Though Scotland shares custody of Saint Andrew with Greece, Russia, Amalfi and Barbados, the Scottish people celebrate their saintly icon on 30 November in a style all of their own. And so, as the autumn leaves fall to the ground and the wind sharpens to a frigid bite, the Scots commemorate their national saint by welcoming the winter season with extra doses of their renown good cheer and hospitality.
Who is Saint Andrew?
According to Christian teachings, Saint Andrew was one of Jesus Christ’s twelve disciples. He and his brother, Simon Peter (today venerated as the first Pope of the Roman Catholic Church) were fishermen in Galilee, now modern-day Israel, when they met Jesus Christ and became his first disciples. Like Jesus, he was ultimately martyred for his beliefs, but Andrew is said to have refused a T-shape cross, deeming himself unworthy to be crucified in the same manner as Jesus Christ. Instead, he was nailed upon an X-shaped cross on 30 November 60AD in Greece, and thus the diagonal cross of the saltire was adopted as his symbol, and the last day in November designated his saint day.
Sometime after his death, a few of his relics arrived in Scotland, including a kneecap, arm and finger bone. There are many versions of this tale, but in one religious fable, Saint Rule was instructed by an angel to take some of Saint Andrew’s relics and go west by ship; wherever he would be shipwrecked, Saint Rule was to establish a church. Indeed, Saint Rule’s ship was driven ashore into the small coastal village of Kilrymont, which was eventually renamed St. Andrews and became an important pilgrimage site for Christians.
Known for his generous and cooperative spirit, St. Andrew remains the patron saint of fishermen, fishmongers, singers and pregnant woman, and is said to offer protection against sore throats and gout.
How is Saint Andrews Day Celebrated in Scotland?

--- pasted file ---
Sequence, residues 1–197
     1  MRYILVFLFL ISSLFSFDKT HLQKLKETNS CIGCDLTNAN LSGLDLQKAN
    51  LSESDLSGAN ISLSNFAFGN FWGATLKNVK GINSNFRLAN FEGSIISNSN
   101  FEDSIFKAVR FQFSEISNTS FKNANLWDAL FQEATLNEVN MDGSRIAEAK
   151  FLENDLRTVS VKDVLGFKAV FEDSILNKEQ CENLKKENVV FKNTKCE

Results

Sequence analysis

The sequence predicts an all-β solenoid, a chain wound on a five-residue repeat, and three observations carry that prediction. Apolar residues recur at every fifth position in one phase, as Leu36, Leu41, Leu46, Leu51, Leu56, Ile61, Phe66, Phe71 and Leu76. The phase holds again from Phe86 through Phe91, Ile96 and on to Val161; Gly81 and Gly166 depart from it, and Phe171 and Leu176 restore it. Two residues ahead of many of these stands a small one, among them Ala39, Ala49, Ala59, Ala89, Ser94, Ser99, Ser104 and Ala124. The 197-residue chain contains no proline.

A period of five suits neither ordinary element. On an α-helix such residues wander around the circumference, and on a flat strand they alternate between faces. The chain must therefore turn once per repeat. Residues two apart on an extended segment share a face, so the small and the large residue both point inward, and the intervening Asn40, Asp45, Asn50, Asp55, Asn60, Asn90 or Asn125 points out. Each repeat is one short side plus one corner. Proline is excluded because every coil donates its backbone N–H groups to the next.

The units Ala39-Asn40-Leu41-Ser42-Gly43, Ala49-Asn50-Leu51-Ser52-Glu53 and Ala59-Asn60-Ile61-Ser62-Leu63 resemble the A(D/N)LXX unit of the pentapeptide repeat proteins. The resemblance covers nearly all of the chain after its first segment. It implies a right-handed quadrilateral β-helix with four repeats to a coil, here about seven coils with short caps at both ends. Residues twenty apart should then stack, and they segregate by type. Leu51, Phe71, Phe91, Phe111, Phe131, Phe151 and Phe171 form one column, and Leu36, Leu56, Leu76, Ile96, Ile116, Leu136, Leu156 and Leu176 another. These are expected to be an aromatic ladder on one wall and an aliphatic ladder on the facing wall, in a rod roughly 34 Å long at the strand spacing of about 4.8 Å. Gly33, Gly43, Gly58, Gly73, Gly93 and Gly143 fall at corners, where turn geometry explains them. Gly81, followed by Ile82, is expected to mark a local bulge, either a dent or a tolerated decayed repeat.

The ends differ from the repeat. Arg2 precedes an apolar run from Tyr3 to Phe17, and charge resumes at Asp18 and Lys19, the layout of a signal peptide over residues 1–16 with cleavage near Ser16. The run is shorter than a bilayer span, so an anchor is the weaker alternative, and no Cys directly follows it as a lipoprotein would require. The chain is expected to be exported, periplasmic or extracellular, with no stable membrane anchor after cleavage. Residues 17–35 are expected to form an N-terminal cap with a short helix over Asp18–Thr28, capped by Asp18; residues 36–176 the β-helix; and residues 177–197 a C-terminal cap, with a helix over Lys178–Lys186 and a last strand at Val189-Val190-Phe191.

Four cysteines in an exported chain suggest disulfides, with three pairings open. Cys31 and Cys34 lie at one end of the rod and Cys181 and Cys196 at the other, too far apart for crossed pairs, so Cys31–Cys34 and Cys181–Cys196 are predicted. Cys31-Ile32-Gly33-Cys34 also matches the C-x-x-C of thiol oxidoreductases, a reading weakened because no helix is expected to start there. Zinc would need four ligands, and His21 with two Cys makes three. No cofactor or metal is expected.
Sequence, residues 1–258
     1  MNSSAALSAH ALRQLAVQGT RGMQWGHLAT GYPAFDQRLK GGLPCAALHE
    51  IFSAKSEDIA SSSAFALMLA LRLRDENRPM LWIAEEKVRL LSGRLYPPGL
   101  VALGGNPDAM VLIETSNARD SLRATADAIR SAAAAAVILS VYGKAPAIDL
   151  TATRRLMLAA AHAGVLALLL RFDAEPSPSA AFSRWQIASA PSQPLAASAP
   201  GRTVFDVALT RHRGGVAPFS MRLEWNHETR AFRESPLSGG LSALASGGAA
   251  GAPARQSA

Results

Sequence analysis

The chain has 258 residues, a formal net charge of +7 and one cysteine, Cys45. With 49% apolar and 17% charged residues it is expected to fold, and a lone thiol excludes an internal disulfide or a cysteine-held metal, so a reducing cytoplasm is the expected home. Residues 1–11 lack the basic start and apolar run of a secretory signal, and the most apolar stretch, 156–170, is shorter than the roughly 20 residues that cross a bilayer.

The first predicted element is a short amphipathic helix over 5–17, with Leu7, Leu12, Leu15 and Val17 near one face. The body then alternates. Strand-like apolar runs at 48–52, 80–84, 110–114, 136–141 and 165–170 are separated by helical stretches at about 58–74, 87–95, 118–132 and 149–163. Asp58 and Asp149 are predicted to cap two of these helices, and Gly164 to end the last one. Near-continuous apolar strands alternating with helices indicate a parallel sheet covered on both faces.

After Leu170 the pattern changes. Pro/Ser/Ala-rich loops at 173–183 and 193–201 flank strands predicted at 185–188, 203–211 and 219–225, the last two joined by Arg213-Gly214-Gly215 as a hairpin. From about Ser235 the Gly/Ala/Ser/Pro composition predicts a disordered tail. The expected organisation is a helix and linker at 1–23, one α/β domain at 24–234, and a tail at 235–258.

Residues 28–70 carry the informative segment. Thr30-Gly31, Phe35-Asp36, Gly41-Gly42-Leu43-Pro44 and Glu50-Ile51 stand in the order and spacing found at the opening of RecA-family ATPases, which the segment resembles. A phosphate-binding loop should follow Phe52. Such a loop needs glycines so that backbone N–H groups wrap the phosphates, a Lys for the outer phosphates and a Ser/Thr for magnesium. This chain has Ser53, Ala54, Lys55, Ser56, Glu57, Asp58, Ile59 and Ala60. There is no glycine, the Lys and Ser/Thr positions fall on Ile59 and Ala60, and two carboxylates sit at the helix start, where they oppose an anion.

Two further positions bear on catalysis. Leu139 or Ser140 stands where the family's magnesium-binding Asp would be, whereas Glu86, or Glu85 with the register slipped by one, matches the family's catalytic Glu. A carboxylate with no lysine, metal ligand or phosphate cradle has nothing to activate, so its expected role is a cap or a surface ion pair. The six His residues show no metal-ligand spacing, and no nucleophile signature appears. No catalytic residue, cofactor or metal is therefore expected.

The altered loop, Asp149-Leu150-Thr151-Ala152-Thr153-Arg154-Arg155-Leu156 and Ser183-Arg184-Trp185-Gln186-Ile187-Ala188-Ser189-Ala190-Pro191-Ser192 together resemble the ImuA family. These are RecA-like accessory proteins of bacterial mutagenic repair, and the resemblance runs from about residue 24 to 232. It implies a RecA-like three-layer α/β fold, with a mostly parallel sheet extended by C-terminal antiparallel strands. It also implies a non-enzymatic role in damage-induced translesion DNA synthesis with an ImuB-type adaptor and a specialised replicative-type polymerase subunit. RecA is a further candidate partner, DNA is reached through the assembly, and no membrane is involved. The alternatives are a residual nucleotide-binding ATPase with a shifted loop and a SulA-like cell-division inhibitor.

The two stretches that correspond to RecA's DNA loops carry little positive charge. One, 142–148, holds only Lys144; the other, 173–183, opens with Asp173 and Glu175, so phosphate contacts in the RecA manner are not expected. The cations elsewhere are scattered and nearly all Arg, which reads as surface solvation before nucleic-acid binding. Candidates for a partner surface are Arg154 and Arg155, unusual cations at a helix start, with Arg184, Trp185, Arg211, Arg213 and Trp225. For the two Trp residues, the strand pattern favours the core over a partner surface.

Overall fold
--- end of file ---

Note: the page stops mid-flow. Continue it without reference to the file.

Ironically, Scotland’s patron saint probably never set foot on its shores whilst he was alive, but the Scots have been feasting and partying in his honour since 1000 AD. In 1320, when Scotland was declared an independent nation by the Declaration of Arbroath, he became the new nation’s official patron saint.
It wasn’t until the 18th century, however, that Saint Andrew’s Day began to be celebrated as an annual event. The tradition actually started overseas in the United States, when a group of wealthy Scottish immigrants in Charleston, South Carolina, wishing to reconnect with their Scottish roots and promote Saint Andrew’s philanthropic ideals, set up the St. Andrew’s Society of Charleston in 1729. Not only did they begin the tradition of celebrating on 30 November, they became famous in the area for their protection of widows and orphans, and similar Scottish societies were soon established across United States.
Never one to pass up an opportunity for a good shindig, Scotland wasn’t far behind their American kin. Today Saint Andrews Day is an official bank holiday in the motherland, and is usually feted across the country with a grand celebration of Scottish culture, featuring traditional recitations, cuisine and, of course, a rollicking ceilidh.